Take time to make simple memories


So vividly I remember a simple, 30 second moment in time. I can close my eyes any time of the day and pull up this certain memory and see it as if it was happening in real time. It happened on the front porch of my childhood home in Wheatfield, New York. A small suburb just outside Niagara Falls. It was summer, later in the evening, late enough that the sun had set. My father was sitting in a chair on the porch listening to Oldies104 on his gray Panasonic boombox and enjoying a beer. This was a common occurrence so one could argue that this memory isn’t one of any specific moment in time but it is. This was the first time I had my first tiny sip of beer. I am not exactly sure how old I was at the time, but I know I wasn’t a teenager yet. This memory is important not because it was the first time I tried a beer, I mean yea that’s significant but, this is tied to all the times I’ve sat outside on the porch, or the deck, or around the bonfire with my father listening to oldies. This one simple 30 second in history sums up how I became who I am today. It sums up why I enjoy sitting around listening to music with a beer in my hand. More so it sheds light on to why I stress paying attention to the little things.

I strive every day to spend time with my two girls. Peanut being older gets to do more “dad” activities such as going to the local tavern to watch the Buffalo Bills games and staying up later just to hang out but one thing I hope both girls remember when they get older are the simple moments. The times we spend cooking, going out for ice cream, and most importantly dancing around the living room listening to oldies music. Like most parents, I want to give my kids everything but at the same time, I don’t.  I feel that it is important to show my kids that it’s the little things in life that matter. It’s the journey not so much the destination that will provide you with the most joy and most importantly that if you don’t get everything you want, it’s okay. Appreciate what you have, no matter how small or simple it is.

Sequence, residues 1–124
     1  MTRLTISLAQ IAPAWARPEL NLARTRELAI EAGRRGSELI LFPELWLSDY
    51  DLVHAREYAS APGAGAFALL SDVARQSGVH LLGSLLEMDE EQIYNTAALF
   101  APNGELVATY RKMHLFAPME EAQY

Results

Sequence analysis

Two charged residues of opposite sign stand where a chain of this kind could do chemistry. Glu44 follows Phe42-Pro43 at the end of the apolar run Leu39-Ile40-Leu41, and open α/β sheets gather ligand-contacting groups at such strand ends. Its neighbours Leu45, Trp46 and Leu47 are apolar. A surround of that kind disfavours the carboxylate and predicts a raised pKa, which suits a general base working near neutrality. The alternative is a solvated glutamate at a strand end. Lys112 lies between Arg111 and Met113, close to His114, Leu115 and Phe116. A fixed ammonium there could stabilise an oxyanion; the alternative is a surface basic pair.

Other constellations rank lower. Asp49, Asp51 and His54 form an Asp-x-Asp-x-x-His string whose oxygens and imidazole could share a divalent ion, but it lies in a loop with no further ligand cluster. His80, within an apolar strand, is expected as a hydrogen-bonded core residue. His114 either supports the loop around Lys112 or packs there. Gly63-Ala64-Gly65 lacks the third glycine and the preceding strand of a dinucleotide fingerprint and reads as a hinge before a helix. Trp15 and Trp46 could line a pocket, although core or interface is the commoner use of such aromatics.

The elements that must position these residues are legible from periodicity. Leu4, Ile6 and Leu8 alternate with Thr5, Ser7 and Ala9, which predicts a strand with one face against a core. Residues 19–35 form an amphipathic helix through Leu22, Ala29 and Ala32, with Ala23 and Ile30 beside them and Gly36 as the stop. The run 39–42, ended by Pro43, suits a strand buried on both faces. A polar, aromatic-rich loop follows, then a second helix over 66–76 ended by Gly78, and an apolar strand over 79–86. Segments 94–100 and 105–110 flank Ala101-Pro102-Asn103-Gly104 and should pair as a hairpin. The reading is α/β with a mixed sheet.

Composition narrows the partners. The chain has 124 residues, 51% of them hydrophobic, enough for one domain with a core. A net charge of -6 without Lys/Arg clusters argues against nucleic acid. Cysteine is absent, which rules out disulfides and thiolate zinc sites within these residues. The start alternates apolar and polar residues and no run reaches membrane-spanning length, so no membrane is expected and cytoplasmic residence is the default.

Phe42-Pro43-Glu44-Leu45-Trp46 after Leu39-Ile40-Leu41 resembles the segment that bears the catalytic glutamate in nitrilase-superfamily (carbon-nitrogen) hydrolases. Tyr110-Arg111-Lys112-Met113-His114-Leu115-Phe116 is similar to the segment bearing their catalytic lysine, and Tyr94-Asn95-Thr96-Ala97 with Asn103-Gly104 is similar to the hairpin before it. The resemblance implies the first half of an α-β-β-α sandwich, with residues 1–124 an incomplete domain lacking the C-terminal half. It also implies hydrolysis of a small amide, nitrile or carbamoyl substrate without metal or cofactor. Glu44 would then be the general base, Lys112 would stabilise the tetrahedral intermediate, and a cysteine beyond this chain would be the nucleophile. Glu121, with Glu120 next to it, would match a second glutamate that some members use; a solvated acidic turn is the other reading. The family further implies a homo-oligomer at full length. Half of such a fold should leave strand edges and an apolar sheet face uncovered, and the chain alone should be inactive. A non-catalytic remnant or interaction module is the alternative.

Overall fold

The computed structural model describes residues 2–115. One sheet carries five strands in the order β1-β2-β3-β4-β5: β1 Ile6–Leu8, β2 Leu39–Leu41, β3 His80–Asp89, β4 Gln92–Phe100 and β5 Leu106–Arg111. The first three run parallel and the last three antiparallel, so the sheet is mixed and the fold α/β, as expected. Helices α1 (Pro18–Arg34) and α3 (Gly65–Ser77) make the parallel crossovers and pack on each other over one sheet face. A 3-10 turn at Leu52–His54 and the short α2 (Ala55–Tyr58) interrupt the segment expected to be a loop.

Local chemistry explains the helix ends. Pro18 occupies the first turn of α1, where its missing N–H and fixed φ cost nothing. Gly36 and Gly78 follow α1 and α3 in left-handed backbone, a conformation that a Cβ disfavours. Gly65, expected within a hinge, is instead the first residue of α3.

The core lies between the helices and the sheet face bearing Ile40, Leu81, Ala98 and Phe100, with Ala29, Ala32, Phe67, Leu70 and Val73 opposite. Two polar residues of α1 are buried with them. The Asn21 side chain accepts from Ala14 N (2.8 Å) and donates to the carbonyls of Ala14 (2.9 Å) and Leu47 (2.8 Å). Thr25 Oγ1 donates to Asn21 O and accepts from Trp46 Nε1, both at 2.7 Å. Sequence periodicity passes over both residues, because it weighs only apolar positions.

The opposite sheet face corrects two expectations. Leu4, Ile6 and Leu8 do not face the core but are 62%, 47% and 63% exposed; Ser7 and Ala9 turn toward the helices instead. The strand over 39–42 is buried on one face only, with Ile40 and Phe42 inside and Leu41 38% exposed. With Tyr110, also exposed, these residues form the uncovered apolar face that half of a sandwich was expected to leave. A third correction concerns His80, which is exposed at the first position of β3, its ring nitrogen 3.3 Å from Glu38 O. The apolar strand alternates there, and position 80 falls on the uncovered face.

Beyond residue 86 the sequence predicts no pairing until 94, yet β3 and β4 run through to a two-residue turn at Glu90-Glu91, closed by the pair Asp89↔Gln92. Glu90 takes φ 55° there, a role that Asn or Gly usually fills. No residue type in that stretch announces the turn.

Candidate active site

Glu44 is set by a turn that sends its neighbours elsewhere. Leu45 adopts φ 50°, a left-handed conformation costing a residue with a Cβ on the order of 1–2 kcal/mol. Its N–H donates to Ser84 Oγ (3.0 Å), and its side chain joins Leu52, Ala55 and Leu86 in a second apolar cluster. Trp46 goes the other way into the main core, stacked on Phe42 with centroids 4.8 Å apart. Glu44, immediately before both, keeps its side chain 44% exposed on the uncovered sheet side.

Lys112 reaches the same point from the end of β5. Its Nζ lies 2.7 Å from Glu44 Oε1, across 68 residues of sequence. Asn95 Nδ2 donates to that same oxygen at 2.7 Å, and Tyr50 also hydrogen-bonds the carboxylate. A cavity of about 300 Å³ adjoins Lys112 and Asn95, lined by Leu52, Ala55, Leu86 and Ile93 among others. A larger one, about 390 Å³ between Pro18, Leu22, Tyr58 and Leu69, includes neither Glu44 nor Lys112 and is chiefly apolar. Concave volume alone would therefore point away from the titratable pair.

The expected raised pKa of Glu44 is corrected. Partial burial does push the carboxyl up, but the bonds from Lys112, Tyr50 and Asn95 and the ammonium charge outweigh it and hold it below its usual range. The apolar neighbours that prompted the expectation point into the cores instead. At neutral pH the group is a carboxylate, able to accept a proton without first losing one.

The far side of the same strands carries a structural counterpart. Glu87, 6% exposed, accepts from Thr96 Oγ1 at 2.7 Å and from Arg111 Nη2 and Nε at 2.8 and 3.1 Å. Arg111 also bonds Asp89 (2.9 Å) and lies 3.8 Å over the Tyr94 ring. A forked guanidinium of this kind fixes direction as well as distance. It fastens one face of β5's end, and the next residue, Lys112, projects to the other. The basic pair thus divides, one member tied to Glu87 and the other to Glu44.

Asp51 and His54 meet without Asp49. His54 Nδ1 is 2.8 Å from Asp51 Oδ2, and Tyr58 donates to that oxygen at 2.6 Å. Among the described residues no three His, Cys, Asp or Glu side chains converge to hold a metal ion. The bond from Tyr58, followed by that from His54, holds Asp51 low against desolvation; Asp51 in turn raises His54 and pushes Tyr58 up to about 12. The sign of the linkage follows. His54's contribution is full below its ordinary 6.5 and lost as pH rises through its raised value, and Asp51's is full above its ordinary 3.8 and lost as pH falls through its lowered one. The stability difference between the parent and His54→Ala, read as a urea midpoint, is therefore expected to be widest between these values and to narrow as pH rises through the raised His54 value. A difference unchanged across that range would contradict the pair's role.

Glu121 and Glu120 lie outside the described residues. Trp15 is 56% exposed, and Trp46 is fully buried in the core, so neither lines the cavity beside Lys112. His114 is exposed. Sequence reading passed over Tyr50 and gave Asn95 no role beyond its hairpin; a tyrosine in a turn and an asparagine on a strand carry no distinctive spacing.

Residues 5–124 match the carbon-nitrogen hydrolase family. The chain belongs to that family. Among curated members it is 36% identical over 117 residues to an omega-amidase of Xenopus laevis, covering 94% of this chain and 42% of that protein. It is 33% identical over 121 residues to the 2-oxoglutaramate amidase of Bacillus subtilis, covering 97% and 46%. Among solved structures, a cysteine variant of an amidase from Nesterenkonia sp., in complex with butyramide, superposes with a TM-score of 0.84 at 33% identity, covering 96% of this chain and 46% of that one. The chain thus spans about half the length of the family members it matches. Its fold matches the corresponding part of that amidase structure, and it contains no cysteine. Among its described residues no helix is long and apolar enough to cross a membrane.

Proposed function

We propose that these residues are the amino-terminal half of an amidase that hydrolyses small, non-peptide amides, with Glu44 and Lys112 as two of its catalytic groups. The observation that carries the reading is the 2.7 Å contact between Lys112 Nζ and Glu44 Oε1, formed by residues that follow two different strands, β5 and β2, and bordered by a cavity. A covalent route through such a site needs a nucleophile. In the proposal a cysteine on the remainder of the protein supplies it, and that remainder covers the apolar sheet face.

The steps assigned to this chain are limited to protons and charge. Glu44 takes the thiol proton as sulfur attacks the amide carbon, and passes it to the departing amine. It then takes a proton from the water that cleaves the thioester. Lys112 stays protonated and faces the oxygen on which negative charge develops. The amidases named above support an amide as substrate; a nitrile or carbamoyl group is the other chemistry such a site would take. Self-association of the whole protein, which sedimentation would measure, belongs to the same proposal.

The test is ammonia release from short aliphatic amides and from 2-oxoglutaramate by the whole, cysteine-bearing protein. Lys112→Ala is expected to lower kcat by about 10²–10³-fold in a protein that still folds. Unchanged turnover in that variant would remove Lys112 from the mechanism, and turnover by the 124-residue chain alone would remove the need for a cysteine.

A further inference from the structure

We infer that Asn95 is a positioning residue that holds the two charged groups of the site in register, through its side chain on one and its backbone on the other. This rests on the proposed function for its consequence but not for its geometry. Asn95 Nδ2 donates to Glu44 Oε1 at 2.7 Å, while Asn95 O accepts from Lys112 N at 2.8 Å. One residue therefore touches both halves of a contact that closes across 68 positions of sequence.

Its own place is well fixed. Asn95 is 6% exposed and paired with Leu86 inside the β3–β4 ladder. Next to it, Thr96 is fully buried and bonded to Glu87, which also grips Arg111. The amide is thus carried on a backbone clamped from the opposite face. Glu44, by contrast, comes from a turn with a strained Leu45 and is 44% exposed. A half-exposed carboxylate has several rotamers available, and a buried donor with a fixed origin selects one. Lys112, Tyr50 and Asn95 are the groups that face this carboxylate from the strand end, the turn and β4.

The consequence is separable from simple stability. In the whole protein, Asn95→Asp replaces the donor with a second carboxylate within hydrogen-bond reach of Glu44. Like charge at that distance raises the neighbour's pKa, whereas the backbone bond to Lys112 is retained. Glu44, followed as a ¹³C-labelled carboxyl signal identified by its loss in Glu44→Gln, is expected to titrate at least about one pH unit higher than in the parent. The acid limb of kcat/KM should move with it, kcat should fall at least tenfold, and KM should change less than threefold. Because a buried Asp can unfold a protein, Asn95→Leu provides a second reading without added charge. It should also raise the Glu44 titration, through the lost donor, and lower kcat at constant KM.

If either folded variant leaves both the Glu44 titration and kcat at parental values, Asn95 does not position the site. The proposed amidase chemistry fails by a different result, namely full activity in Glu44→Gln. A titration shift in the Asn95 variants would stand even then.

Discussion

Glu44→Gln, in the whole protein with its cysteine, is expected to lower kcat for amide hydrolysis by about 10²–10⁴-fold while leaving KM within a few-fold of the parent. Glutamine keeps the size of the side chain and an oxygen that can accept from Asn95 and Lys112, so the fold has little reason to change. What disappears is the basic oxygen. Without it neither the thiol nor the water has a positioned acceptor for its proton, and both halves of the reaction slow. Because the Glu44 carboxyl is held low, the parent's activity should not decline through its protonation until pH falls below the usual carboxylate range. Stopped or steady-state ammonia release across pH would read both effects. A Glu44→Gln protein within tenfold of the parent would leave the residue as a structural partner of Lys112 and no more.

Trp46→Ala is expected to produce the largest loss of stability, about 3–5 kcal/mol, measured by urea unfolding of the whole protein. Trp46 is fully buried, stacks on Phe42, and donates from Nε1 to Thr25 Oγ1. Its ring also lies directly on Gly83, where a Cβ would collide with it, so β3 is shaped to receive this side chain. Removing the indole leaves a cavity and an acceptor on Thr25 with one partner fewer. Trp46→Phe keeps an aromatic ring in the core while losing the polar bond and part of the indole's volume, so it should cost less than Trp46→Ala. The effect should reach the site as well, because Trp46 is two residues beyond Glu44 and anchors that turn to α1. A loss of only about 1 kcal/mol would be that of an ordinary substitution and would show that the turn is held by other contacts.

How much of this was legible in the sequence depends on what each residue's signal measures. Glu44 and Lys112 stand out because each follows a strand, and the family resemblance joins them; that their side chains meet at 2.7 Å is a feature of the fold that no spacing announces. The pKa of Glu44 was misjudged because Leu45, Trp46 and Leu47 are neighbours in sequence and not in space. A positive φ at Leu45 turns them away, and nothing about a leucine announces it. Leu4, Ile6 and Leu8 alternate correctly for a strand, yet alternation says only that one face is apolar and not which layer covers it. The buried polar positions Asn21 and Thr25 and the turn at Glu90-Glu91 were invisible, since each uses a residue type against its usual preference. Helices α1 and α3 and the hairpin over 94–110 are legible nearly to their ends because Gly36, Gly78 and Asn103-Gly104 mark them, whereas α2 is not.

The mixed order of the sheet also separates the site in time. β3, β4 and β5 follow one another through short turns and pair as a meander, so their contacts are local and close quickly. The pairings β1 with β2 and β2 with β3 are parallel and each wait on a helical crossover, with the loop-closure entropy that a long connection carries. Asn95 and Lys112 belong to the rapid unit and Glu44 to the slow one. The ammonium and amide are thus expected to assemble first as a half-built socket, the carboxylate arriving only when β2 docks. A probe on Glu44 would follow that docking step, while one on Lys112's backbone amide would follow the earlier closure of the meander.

The more appreciation for “the simple” I can instill in my kids the happier they will be in the end. At least that is my hope for them. It is a very busy, congested, and fast-paced world out there. With the constant upgrades in technology, it’s growing harder to enjoy being unplugged. Now, I get it, we need technology. Technology is great. It helps with everything we do, in fact, I’m obviously using it now to write this. The biggest thing I hope to leave my kids is not that their father bought them all the toys they ever wanted, or that they always had the latest cool gadget but more so that their father taught them that sometimes it is best to just sit outside and enjoy being.

Can’t believe how strange it is to be anything at all -Neutral Milk Hotel

Below is a pretty good 60s playlist I’ve been working on. Enjoy!


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